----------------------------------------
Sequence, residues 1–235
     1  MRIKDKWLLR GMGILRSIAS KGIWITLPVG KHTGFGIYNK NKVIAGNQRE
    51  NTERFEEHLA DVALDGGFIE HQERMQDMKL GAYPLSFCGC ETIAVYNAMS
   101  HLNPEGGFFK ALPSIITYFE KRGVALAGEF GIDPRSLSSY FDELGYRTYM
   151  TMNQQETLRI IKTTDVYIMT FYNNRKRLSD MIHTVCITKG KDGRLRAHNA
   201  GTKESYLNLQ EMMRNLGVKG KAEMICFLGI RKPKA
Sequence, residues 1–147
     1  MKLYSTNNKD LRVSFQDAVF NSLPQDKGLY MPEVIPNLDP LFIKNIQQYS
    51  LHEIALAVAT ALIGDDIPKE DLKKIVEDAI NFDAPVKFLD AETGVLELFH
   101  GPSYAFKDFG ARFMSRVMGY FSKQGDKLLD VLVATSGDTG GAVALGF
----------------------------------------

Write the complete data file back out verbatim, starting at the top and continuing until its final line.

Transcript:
Sequence, residues 1–235
     1  MRIKDKWLLR GMGILRSIAS KGIWITLPVG KHTGFGIYNK NKVIAGNQRE
    51  NTERFEEHLA DVALDGGFIE HQERMQDMKL GAYPLSFCGC ETIAVYNAMS
   101  HLNPEGGFFK ALPSIITYFE KRGVALAGEF GIDPRSLSSY FDELGYRTYM
   151  TMNQQETLRI IKTTDVYIMT FYNNRKRLSD MIHTVCITKG KDGRLRAHNA
   201  GTKESYLNLQ EMMRNLGVKG KAEMICFLGI RKPKA
Sequence, residues 1–147
     1  MKLYSTNNKD LRVSFQDAVF NSLPQDKGLY MPEVIPNLDP LFIKNIQQYS
    51  LHEIALAVAT ALIGDDIPKE DLKKIVEDAI NFDAPVKFLD AETGVLELFH
   101  GPSYAFKDFG ARFMSRVMGY FSKQGDKLLD VLVATSGDTG GAVALGF